Mr. Green: carrot, apple, beet, ginger, green superfood (spirulina, blue-green algae, chlorella, oat/barley/wheat grass) & liver-kidney detox (burdock, yellow dock and oregon grape roots, dandelion, red clover blossom, nettles, red root & ginger). Delish!
Wait, what? I’m TORN: http://gawker.com/5675624/juice-cleanses-the-truth-is-out-there
Ok so maybe the juice is just a placebo, but hey, it made me feel good and clean and revitalized so $15.00 later in juice, I’m a happy camper…….PLUS I followed it up with this wholesome goodness which I highly reccomend:
Hummus and cucumbers from Sahadi’s in Brooklyn. Heaven on Earth and a great place to buy nuts in bulk (thanks Laura!).
OH yeah, reason for the juicing in the first place, I made this cake weekend (as well as lemon bars and chocolate chip cookies from Ad Hoc At Home). I’m calling it the Matilda cake….
The recipe is adapted from Smitten Kitchen and by adapted I mean I didn’t have enough sugar so I used 3 cups white sugar and half a cup brown sugar, AND I didn’t have enough buttermilk so i added a few extra tablespoons of oil. Good thing cakes, unlike cookies, aren’t so sensitive to the ebbs and flows of molecular gastronomy. Turned out great and HUGE (and all organic!!). The frosting is a simple ganache (not the one from Smitten Kitchen) made with organic heavy cream and dark chocolate disks from Jacques Torres: Put cream over medium-low heat until it begins to simmer. Before it boils, pour it over 16 oz of chocolate (any kind depending on how sweet you want it). Let chocolate and cream sit for 1-2 minutes, and then stir until it looks like gooey ganache.
Um, when did so many random foods start getting their own days, and who exactly brought them into existence? Whatevs, let’s celebrate:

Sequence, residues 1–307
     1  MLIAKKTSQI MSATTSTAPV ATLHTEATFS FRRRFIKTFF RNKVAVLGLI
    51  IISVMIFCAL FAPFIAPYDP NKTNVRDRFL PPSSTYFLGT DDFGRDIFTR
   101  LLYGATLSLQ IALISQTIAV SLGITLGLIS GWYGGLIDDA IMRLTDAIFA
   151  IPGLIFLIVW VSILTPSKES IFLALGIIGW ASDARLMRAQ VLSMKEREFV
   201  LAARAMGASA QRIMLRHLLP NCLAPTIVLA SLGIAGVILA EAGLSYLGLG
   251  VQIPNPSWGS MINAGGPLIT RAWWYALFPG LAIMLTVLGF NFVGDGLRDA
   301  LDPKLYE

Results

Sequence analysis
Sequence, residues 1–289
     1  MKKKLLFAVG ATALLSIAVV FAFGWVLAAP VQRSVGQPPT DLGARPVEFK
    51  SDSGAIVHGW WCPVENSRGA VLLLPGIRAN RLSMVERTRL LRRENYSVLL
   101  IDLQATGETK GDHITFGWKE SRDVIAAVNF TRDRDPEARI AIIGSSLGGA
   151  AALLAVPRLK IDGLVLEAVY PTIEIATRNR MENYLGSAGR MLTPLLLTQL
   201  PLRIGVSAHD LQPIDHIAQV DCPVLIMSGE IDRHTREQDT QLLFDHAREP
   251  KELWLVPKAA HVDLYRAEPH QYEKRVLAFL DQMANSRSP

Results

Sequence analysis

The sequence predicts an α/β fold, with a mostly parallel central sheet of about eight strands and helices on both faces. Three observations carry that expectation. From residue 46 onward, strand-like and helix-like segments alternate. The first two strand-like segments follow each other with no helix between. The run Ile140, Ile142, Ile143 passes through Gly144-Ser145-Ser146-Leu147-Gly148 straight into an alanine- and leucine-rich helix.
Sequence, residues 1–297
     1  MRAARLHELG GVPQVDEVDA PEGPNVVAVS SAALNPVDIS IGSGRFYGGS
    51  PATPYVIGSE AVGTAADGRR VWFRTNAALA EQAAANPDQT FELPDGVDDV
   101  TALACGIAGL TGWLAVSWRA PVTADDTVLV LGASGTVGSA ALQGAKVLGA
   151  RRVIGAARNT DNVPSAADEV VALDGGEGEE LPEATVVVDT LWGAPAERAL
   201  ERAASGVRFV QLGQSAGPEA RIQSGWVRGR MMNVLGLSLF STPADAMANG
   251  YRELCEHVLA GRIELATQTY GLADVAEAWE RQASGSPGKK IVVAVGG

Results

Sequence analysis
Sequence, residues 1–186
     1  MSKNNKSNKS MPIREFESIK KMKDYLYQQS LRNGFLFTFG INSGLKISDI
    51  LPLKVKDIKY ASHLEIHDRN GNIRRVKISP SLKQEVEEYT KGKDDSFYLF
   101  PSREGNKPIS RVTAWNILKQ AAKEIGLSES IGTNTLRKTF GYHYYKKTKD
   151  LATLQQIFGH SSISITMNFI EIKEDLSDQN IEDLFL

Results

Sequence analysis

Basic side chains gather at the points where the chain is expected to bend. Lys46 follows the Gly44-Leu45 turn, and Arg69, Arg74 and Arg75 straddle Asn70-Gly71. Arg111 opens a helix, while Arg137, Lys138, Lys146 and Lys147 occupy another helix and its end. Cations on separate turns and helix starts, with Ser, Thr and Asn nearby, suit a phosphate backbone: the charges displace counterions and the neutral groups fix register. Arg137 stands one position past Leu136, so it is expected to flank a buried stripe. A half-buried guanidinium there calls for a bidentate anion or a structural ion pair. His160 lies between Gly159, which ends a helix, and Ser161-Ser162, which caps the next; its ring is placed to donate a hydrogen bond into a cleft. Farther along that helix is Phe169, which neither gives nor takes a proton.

Whipped Banana Sucanat Oatmeal (2-4 servings)
1 C Steel Cut Oats
3 C water
1 Large Ripe Banana
1 Generous Pinch Sea Salt
2 Tablespoons Sucanat
Put oats and water in a pot and cook on low heat for 20-30 minutes, stirring occasionally. When oats look about ready, add banana slices and whip furiously until banana dissapears. Mix in salt, top with sucanat, add any additions/toppings, enjoy!…or make a huge batch and keep in the fridge for easy oat access.
Veggie Additions: Whip in some pumpkin puree OR use a hand blender to incorporate shredded carrots/zucchini (a la carrot cake/zucchini bread)
Topping Suggestions: Chopped Walnuts/Pecans/Almonds, Butter
Why Steel Cut Oats? They are (most often) a grain that is left intact. Intact grains pack a way bigger nutritional punch then their processed counterparts and maintain the fiber, nutrients and vitamins (E!) that they were created with. As soon as you start grinding grains and milling them to pieces, you start to lose tiny amounts of wonderfulness that will make you strong and healthy.
Why Sucanat? Sucanat, or sugar cane natural, is pure dried cane juice and is not processed or refined. Woo!
People who pick up and move to a foreign country experience many of the same culture shocks. New language, new food, new customs, etc. Dealing with these culture shocks can be extremely difficult and coping methods can often fail, but there is one tried and true system that works time and time again. LOADS OF TV SHOWS.